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A general view of Preceding Discoveries relating to air.

FOR the better understanding of the experiments and observations on different kinds of air contained in this treatise, it will be useful to those who are not acquainted with the history of this branch of natural philosophy, to be informed of those facts which had been discovered by others, before I turned my thoughts to the subject; which suggested, and by the help of which I was enabled to pursue my inquiries. Let it be observed, however, that I do not prosess to recite in this place all that had been discovered concerning air, but only those discoveries the knowledge of which is necessary, in order to understand what I have done myself; so that any person who is only acquainted with the general principles of natural philosophy, may be able to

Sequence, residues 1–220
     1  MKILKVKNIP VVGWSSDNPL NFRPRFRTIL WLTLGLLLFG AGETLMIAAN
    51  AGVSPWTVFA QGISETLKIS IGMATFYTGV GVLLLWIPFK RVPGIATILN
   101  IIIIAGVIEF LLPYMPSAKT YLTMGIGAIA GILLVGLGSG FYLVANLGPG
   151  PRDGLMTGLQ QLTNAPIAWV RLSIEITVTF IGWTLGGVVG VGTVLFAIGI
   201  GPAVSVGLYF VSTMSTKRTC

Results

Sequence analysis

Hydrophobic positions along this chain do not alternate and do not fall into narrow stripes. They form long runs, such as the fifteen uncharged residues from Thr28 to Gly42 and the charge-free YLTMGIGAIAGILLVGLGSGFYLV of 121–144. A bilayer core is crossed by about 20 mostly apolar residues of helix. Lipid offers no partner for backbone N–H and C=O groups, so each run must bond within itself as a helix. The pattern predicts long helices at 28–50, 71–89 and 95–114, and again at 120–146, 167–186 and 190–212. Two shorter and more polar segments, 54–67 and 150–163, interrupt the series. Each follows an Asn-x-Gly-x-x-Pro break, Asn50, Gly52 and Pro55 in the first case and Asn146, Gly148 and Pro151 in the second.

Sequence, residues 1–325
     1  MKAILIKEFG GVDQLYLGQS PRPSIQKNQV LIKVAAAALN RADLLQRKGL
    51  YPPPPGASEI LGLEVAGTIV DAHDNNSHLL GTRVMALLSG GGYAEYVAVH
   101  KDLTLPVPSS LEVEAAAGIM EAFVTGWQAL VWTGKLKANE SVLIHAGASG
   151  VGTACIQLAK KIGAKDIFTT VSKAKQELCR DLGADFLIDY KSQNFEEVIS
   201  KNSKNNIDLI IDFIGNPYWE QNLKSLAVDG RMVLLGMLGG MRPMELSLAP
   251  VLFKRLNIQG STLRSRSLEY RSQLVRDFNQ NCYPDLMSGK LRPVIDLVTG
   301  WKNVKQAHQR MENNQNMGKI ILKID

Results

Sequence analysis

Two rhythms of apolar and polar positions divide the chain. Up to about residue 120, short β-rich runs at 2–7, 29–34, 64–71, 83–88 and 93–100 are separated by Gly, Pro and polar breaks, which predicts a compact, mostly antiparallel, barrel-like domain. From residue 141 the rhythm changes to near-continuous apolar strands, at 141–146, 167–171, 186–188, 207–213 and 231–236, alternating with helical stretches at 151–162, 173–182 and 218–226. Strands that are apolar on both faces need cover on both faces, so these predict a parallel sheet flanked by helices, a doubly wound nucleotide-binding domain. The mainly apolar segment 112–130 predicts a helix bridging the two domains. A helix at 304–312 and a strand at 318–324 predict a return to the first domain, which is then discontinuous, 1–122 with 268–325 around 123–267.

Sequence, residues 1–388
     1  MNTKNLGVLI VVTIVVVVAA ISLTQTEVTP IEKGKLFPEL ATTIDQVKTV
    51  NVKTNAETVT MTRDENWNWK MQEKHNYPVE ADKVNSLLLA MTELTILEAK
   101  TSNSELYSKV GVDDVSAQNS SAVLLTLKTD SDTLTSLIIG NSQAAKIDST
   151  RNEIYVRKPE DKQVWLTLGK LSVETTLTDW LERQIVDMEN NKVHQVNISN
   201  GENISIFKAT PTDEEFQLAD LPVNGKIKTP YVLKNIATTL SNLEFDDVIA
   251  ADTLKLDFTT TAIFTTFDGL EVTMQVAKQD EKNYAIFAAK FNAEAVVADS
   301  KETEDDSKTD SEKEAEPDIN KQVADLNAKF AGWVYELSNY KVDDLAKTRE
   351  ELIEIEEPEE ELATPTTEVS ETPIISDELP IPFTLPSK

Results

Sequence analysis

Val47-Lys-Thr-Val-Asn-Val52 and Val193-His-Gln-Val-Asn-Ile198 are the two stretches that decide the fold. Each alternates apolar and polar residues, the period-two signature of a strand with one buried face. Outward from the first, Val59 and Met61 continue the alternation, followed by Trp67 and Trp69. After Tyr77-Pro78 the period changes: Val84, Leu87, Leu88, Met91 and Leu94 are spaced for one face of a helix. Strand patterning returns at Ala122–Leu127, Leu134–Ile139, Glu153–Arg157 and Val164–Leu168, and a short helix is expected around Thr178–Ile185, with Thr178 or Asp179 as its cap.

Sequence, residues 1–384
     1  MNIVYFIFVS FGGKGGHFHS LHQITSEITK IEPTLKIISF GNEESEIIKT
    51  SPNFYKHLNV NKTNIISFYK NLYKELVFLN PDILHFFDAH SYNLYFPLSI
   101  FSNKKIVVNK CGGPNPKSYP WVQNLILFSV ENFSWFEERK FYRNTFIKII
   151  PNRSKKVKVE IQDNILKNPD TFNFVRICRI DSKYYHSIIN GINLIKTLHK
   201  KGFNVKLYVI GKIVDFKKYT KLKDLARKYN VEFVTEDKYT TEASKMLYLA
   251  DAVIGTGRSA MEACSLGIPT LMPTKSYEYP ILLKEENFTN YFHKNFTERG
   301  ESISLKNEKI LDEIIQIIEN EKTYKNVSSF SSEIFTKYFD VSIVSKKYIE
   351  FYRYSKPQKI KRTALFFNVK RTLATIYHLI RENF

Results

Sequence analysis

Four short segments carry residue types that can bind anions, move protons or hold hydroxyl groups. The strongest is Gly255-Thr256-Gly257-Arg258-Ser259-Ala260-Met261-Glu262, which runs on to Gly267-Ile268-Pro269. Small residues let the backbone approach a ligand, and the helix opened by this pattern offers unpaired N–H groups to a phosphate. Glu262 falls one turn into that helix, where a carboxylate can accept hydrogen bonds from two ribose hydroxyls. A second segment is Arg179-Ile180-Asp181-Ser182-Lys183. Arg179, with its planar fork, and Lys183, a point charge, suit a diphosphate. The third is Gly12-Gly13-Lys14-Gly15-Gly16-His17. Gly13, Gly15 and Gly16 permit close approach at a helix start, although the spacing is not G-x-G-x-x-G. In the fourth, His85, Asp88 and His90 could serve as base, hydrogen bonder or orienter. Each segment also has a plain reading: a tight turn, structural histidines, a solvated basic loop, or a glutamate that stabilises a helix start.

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read this treatise, and, with proper attention, to understand every part of it.

That the air which constitutes the atmosphere in which we live has weight, and that it is elastic, or consists of a compressible and dilatable fluid, were some of the earliest discoveries that were made after the dawning of philosophy in this western part of the world.

That elastic fluids, differing essentially from the air of the atmosphere, but agreeing with it in the properties of weight, elasticity, and transparency, might be generated from solid substances, was discovered by Mr. Boyle, though two remarkable kinds of factitious air, at least the effects of them, had been known long before to all miners. One of these is heavier than common air. It lies at the bottom of pits, extinguishes candles, and kills animals that breathe it, on which account it had obtained the name of the choke damp. The other is lighter than common air, taking its place near the roofs of subterraneous places, and because it is liable to take fire, and explode, like gunpowder, it had been called the fire damp. The word damp signifies vapour or exhalation in the German and Saxon language.

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